His invisible fellowship is with us still, not less than with them. What is the Church, but the presence of Christ, and the company of the apostles, drawn out unto the world's end? What is the visible Church, but the very fellowship of the eleven who were gathered in the upper chamber, then personal and local, now universal and perpetual ? With Him time is not. He reigns in time, but · His presence is neither past nor to come, but now and always : seen and unseen is nothing in Christ's kingdom ; visibleness is but an accident. He sees us here and now, as He saw them at Emmaus, or on the mountain of ascension. All our whole life bears the same relation to Him as theirs; and ought, therefore, to be governed by the same abiding consciousness. Wheresoever we be, whatsoever we are doing, in all our work,

in our busy daily life, in all schemes and undertakings, in public trusts, and in private retreats, He is with us, and all we do is spread before Him: Do it, then, as to the Lord. Let the thought of His eye unseen be the motive of

your

acts and words. Do nothing you would not have Him see. Say nothing which you would not have said before His visible presence. This, again, is to do all in His name.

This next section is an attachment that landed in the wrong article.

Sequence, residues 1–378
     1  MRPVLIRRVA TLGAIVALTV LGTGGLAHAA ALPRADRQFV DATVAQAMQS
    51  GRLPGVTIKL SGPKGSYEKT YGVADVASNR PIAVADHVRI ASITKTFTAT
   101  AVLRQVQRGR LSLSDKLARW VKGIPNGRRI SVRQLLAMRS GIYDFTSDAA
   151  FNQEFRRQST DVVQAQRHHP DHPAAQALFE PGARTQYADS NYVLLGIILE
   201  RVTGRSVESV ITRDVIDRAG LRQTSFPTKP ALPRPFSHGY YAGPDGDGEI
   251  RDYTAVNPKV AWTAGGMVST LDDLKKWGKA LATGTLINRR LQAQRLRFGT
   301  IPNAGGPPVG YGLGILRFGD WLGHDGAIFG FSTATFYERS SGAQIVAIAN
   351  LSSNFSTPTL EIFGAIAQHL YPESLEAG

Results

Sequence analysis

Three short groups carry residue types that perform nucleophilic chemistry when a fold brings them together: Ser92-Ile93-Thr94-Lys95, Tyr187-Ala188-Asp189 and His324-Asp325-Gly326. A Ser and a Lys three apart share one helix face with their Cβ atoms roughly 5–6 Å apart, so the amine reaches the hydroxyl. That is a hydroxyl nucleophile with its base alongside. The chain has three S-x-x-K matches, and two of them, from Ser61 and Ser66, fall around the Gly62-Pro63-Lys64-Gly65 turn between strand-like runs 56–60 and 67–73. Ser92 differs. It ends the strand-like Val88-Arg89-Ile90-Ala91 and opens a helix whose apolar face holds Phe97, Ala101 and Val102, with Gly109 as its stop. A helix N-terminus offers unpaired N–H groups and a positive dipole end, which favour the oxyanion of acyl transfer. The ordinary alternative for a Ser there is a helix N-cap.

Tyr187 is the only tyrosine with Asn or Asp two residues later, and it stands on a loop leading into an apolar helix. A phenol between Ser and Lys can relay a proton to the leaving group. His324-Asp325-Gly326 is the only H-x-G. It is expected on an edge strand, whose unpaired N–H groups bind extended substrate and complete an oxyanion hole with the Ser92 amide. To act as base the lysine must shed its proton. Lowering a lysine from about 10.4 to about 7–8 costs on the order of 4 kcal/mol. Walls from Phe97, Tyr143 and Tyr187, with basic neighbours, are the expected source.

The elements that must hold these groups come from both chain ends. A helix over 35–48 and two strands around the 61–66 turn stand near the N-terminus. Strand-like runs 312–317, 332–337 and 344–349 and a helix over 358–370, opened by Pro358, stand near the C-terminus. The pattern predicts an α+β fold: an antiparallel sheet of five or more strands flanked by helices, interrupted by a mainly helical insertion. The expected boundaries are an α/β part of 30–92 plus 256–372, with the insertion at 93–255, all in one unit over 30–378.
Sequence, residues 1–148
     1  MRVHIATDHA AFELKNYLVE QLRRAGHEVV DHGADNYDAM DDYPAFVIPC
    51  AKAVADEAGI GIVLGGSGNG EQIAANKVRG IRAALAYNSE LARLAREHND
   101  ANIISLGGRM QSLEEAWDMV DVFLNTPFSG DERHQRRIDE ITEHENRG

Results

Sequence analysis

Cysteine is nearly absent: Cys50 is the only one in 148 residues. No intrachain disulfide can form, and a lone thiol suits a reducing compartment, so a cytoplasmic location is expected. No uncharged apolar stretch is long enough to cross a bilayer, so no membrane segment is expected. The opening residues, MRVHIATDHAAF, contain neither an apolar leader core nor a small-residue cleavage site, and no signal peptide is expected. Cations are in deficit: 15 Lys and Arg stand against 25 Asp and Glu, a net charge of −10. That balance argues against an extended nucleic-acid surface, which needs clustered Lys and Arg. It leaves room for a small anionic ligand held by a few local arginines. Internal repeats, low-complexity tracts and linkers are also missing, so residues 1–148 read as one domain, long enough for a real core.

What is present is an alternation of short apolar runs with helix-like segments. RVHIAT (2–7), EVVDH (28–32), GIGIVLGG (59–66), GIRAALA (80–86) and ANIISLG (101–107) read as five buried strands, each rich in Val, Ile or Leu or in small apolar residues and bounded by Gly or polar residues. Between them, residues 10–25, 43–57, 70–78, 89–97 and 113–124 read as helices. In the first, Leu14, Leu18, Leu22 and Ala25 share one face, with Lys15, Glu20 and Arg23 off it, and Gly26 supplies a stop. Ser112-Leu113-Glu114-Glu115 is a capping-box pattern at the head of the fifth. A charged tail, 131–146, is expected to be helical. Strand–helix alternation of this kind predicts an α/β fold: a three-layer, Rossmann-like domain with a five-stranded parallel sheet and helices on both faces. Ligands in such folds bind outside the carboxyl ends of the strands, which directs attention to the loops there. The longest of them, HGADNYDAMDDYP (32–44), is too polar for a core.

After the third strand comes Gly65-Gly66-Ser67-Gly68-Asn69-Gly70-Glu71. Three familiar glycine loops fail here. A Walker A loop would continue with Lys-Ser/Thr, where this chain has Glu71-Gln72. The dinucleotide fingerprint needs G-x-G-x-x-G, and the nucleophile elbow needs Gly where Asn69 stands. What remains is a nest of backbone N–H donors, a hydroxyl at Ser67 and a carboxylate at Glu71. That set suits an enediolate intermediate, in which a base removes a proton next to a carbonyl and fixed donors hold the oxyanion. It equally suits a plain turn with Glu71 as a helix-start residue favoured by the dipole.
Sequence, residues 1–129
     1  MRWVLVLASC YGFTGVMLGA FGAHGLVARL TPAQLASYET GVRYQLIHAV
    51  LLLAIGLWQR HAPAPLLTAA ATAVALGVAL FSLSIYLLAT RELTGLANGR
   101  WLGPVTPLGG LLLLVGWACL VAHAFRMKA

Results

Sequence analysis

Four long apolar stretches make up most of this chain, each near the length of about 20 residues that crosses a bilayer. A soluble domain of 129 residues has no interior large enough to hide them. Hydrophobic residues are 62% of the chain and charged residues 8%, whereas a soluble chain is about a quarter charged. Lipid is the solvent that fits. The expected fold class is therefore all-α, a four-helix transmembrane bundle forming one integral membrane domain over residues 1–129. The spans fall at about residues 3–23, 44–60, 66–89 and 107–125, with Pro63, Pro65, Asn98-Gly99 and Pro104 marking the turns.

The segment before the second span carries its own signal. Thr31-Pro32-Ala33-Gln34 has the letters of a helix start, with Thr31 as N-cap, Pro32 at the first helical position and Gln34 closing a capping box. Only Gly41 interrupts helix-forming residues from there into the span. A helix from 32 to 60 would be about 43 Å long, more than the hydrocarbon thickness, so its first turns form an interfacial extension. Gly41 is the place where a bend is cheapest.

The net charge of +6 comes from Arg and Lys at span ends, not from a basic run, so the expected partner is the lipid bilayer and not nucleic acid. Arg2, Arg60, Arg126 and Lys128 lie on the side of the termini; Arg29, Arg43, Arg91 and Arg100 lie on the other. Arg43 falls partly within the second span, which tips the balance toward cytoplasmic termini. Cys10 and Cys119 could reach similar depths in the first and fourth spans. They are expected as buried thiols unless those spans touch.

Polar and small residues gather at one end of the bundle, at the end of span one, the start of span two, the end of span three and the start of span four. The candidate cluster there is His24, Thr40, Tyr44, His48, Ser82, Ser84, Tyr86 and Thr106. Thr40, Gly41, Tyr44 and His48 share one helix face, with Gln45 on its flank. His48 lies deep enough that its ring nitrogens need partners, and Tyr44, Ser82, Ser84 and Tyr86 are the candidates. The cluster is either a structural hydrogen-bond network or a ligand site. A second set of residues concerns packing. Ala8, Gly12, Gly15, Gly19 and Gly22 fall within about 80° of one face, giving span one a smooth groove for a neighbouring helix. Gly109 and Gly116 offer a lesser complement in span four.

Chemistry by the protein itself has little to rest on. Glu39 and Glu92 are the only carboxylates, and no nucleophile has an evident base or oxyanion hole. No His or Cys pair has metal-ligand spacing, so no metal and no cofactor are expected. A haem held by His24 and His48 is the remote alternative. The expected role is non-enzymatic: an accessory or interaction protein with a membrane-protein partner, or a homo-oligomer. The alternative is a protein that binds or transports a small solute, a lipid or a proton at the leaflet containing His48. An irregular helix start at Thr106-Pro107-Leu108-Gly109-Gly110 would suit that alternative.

And, once more, to do all in Christ's name, means, further, to do all as a witness for Him.

This was the commission of the apostles. He bade them tarry in Jerusalem till they had received power from on high ; and then, He said, “Ye shall be witnesses unto me, both in Jerusalem, and in all Judea, and in Samaria, and unto the uttermost part of the earth.”! “ And ye are witnesses of these things ;” ? that is, of His incarnation, teaching, and miracles, of His passion and resurrection, of His mysteries and sacraments, of His ascension and perpetual presence, of the whole invisible kingdom of their exalted Head. This was the witness of the apostles. And they bare it by their preaching and suffering, but chiefly by their purity of life. He that overcame sin and death, when He went up on high, endowed them with His own power to overcome death and sin. "I appoint unto you a kingdom, as My Father hath appointed unto Me." 3 "All power is given unto Me, in heaven and in earth. Go